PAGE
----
Marshall University Forensic Science Center co-sponsoring National Institute of Justice Applied Technologies Conference

HUNTINGTON, W.Va. − The Marshall University Forensic Science Center is co-sponsoring the National Institute of Justice Applied Technologies Conference which showcases tools and technologies designed to improve community safety.

Marshall University President Stephen J. Kopp will be among the speakers kicking off the national conference with welcome and opening remarks between 8 and 9:30 a.m. Tuesday, April 3 at the Hyatt Regency Orange County in Garden Grove, Calif.

Topics include responding to mass fatalities including identification involving mass graves and a mass disaster train derailment, increasing success rates in solving cold cases, solving property and other crimes using DNA, reviewing technology that makes schools safer, and the "CSI Effect" and its implications for crime scene collection and presentation to juries.

The NIJ is sponsoring the Applied Technologies Conference April 3-5 in partnership with MUFSC and the Sheriff's Association of Texas. Attendees will include managers and supervisors in law enforcement, forensics and corrections.

The Forensic Science Center is providing support for the conference as a member of the Forensic Resource Network, a program of the NIJ. The Forensic Science Center provides DNA testing and training services in support of state and local forensic laboratories though a cooperative agreement administered by the NIJ. DNA laboratory services provided include forensic casework, databasing, paternity/relationship testing and human identification through medical examiners.

This project is supported by cooperative agreement 2005-MU-BX-K020 awarded by the NIJ, Office of Justice Programs, U.S. Department of Justice. 


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FOR IMMEDIATE RELEASE
Wednesday March 28, 2007
Contact: Dave Wellman, Director of Communications, (304) 696-7153

WVAS meetings, state Science and Engineering fair take place this weekend at Marshall University

HUNTINGTON, W.Va. - This Friday and Saturday, March 30-31, for the first time in more than 25 years, the annual meetings of the West Virginia Senior and Junior Academies of Science (WVAS) will occur jointly on Marshall University's Huntington campus.

The Junior Academy oversees the West Virginia State Science and Engineering Fair (WVSSEF), which also takes place Friday and Saturday at Marshall. The fair is expected to attract more than 80 high school students in grades 9-12 who will be recognized and rewarded. Marshall has hosted the state science and engineering fair since 2000.

The top winners will compete with more than 1,000 high school students from around the world at the Intel International Science and Engineering Fair, the world's largest pre-college science competition.

The WVAS meetings will feature undergraduate and graduate research in both oral and poster sessions. This year's theme is West Virginia conservation, including topics such as endangered amphibians and invasive species.

"Marshall University is honored to have this opportunity to showcase scientific achievement in West Virginia," Marcia Harrison, director of the WVSSEF and president of the West Virginia Junior Academy of Science, said. "The fair offers important acknowledgement and recognition for creativity and effort in math, science and engineering research from our students from high school to graduate students throughout the state."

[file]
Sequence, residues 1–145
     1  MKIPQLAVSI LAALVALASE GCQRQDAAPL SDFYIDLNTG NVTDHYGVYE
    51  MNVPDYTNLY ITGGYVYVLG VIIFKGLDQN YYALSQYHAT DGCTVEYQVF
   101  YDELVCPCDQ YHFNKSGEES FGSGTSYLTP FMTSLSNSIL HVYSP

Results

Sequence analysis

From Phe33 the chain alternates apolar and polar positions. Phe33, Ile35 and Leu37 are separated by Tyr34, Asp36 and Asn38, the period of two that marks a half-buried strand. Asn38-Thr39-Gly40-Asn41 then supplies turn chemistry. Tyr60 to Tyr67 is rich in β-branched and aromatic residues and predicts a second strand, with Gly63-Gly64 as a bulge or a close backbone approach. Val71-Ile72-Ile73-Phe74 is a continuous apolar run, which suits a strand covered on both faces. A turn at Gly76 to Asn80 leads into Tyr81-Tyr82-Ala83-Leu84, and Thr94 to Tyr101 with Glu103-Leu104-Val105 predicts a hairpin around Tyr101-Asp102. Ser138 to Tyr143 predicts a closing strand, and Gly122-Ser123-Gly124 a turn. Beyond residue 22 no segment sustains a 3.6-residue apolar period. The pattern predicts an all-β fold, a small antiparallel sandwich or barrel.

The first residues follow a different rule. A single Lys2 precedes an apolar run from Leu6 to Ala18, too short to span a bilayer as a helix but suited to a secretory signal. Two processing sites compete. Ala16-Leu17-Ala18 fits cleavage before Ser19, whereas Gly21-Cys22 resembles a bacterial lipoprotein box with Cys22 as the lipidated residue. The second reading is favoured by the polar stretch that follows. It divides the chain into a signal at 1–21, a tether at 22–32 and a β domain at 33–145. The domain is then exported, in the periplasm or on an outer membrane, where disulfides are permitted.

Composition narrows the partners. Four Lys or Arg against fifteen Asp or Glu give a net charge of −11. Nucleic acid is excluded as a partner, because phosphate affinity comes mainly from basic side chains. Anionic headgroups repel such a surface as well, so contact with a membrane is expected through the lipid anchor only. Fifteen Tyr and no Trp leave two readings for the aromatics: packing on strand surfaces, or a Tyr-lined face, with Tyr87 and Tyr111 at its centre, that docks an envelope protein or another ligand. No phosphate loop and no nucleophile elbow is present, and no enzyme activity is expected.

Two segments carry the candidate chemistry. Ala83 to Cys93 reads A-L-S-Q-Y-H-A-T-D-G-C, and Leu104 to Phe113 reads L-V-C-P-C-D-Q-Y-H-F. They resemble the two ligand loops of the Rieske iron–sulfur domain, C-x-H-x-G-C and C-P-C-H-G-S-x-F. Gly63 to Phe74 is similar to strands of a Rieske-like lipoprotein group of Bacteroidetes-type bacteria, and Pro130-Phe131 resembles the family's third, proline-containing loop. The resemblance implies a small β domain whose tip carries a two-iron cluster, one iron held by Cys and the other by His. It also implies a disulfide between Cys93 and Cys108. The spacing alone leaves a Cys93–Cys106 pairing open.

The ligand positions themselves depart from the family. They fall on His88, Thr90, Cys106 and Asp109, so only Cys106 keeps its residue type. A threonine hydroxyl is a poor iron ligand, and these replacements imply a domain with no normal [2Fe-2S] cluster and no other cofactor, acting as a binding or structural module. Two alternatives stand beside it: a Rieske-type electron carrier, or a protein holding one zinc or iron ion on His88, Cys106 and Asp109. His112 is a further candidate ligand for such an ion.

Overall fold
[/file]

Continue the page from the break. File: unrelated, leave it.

Presentations begin at 10 a.m. Saturday at the Robert C. Byrd Biotechnology Science Center. The WVAS poster session begins at 2 p.m. on the second floor of the Memorial Student Center, followed by an open house. An awards ceremony takes place at 4 p.m. in the Joan C. Edwards Performing Arts Center.

The WVAS will present awards to an outstanding teacher as well as undergraduate and graduate students. WVSSEF prizes include a four-year tuition waiver to Marshall and cash prizes for high school students.

The Dow Corporation is the fair's primary sponsor.

For more information, contact Harrison at (304) 696-4867.


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FOR IMMEDIATE RELEASE
Wednesday March 28, 2007
Contact: McRae Pennington, , (304) 696-3512

Spots still available for Troy Brown Fantasy Football Camp March 30-31 at Marshall University

HUNTINGTON, W.Va. - Spots are still available for anyone interested in participating in the first Troy Brown Fantasy Football Camp, named for the former Marshall University and current New England Patriots standout wide receiver. The camp takes place Friday and Saturday, March 30-31, at MU's Joan C. Edwards Stadium.

The cost of the camp is $1,000 per person and includes professional football training from Brown, Chad Pennington of the New York Jets and Mike Bartrum of the Philadelphia Eagles. Each participant also will receive a two-night stay at the Pullman Plaza Hotel, meals and a DVD of the weekend.

The weekend begins Friday, March 30 with a kickoff reception in the stadium's Big Green Room. The football camp begins the next day with a full-game day experience. The day starts with a coach's meeting, drills and practice, a draft and a flag football game at the stadium. The evening concludes with a banquet and awards ceremony.

The fantasy camp is a fundraiser for Marshall's Child Development Academy, which provides quality care and education to young children of the Marshall community. It also provides learning opportunities for MU students, especially those pursuing degrees in education. Proceeds from the camp will help to endow the academy and create scholarships for at-risk children.

Participants must be at least 23 years old. The flag football game at 3 p.m. Saturday is open to the public. For more information or to register for the Troy Brown Fantasy Football Camp, visit www.troybrownfantasyfootball.com.